If the employer dismisses the H-1B worker prior to the end of the period of authorized employment, the employer is responsible for paying the reasonable costs of return transportation to the alien's last place of foreign residence. Dismissal for any reason, even for cause, triggers this provision.
INA § 214(c)(5)(A) 8 CFR 214.2(h)(4)(iii)(E)
(E) Liability for transportation costs. The employer will be liable for the reasonable costs of return transportation of the alien abroad if the alien is dismissed from employment by the employer before the end of the period of authorized admission pursuant to section 214(c)(5) of the Act. If the beneficiary voluntarily terminates his or her employment prior to the expiration of the validity of the petition, the alien has not been dismissed. If the beneficiary believes that the employer has not complied with this provision, the beneficiary shall advise the Service Center which adjudicated the petition in writing. The complaint will be retained in the file relating to the petition. Within the context of this paragraph, the term "abroad" refers to the alien's last place of foreign residence. This provision applies to any employer whose offer of employment became the basis for an alien obtaining or continuing H-1B status.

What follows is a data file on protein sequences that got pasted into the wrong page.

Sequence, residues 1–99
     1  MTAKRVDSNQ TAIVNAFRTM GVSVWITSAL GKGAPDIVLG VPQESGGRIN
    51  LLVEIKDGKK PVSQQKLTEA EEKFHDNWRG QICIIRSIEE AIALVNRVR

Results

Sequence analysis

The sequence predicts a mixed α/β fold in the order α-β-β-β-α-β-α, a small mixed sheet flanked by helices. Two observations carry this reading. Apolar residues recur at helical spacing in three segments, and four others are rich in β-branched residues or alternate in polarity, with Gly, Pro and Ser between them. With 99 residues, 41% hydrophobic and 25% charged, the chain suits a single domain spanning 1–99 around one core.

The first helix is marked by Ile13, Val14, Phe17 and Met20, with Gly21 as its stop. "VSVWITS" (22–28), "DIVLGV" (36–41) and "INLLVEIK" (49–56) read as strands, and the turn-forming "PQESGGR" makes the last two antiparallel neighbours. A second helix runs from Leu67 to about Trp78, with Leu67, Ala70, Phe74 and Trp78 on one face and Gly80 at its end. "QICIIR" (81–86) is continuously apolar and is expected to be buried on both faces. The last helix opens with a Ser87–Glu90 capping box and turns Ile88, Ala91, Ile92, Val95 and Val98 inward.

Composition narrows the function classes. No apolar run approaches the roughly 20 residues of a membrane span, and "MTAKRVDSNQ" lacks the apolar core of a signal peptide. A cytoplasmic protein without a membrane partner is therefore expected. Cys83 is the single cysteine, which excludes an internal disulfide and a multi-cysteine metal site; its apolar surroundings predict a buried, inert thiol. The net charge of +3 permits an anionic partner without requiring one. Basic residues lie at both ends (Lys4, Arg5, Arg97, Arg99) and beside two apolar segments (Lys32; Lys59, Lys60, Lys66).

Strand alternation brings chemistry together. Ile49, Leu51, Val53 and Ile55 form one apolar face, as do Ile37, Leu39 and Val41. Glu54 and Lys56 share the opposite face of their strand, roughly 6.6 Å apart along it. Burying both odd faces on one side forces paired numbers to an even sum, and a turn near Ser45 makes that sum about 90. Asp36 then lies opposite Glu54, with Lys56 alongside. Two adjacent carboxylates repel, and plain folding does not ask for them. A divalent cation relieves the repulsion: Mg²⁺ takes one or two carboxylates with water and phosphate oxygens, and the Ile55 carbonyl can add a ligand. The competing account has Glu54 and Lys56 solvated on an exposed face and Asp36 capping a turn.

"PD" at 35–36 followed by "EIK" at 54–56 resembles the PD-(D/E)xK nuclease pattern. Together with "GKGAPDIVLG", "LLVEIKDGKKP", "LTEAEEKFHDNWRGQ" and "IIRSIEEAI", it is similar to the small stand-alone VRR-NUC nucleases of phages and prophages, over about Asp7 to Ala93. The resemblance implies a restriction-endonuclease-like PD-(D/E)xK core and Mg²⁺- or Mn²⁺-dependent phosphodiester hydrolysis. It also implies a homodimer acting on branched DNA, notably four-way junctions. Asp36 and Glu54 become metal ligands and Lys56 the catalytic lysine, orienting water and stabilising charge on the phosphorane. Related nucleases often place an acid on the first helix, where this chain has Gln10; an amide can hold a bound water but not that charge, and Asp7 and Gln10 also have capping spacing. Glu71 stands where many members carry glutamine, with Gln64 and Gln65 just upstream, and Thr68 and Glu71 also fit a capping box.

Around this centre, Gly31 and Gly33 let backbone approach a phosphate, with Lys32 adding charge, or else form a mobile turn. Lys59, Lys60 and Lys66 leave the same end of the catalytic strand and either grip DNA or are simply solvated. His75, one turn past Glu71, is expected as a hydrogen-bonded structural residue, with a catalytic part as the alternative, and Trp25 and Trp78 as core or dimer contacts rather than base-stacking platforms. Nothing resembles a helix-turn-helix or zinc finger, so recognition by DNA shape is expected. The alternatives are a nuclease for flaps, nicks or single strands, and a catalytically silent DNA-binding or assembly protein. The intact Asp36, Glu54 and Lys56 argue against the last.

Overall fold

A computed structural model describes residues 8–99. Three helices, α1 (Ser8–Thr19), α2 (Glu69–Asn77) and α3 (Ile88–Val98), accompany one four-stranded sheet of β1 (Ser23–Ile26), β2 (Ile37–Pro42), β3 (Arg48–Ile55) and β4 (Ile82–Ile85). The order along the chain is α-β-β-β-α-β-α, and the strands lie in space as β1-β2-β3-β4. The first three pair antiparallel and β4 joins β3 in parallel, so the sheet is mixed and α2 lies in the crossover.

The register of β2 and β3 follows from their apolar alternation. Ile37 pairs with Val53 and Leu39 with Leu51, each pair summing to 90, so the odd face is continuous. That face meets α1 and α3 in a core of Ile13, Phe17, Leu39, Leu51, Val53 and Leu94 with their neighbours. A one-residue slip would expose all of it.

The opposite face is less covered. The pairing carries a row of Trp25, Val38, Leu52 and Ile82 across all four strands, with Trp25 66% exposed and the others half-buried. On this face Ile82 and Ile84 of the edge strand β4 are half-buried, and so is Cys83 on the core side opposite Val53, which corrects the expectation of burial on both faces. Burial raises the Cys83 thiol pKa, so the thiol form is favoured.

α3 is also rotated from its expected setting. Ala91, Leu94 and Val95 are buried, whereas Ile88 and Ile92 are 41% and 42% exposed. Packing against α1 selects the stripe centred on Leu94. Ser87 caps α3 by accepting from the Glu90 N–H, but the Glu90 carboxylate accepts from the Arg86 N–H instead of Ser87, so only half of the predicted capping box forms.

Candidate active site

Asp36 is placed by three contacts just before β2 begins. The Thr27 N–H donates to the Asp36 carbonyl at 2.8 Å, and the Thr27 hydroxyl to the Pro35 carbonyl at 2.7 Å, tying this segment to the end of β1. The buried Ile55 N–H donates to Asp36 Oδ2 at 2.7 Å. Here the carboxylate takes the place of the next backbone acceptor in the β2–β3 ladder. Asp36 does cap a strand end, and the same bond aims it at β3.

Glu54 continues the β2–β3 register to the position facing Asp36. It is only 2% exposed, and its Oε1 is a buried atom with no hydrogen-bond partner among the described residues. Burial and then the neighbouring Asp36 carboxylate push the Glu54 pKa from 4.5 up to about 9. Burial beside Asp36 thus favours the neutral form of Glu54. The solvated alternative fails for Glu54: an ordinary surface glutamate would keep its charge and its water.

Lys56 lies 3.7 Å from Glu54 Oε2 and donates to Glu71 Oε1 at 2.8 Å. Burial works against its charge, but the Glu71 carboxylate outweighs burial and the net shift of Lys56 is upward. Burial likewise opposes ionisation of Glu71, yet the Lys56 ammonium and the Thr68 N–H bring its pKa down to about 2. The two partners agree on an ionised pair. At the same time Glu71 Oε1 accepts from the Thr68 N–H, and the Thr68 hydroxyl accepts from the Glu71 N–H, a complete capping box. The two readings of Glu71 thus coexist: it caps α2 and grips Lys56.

Effect of termination on the alien's H-1B status
One condition of maintaining H-1B status is that the employee continues in the employment relationship with the employer, as described in the H-1B petition. Technically, then, if the employment relationship terminates, the H-1B nonimmigrant will "fall out of status" and can be removed from the United States. Although USCIS has the authority to accept and approve applications for extension of stay or change of status even in such circumstances, that authority is highly discretionary, and is exercised only on a case-by-case basis. The employee should depart the United States on the final day of employment with the sponsoring employer, unless he or she has secured the H-1B sponsorship of another employer or otherwise changed immigration status as there is no grace period for H-1B Temporary Workers.
Does receipt of severance pay and benefits preserve H-1B status after termination of employment?
In an undated, 1999 letter, Thomas W. Simmons, Chief of the Business and Trade Branch of the Legacy INS, stated that H-1B workers who are terminated, but receiving severance benefits for a period of time beyond their termination date, are not considered to be maintaining H-1B status and must either depart the United States upon their termination or seek another immigration status for which they may be eligible. Letter from Tom Simmons, I.N.S., to Harry Joe, Esq., reported in 76 Interpreter Releases, 386-387 (March 8, 1999)
Strikes and work stoppages
Employers are required to notify the Department of Labor (DOL) should any strike or lockout occur in an occupation for which an H-1B worker is sponsored. DOL must be notified in writing of the strike or lockout within three days of its occurrence. 8 C.F.R. 214.2(h)(17)
Contact Sharon Loughran at 1-3805 or email@example.com with any questions or concerns that you may have.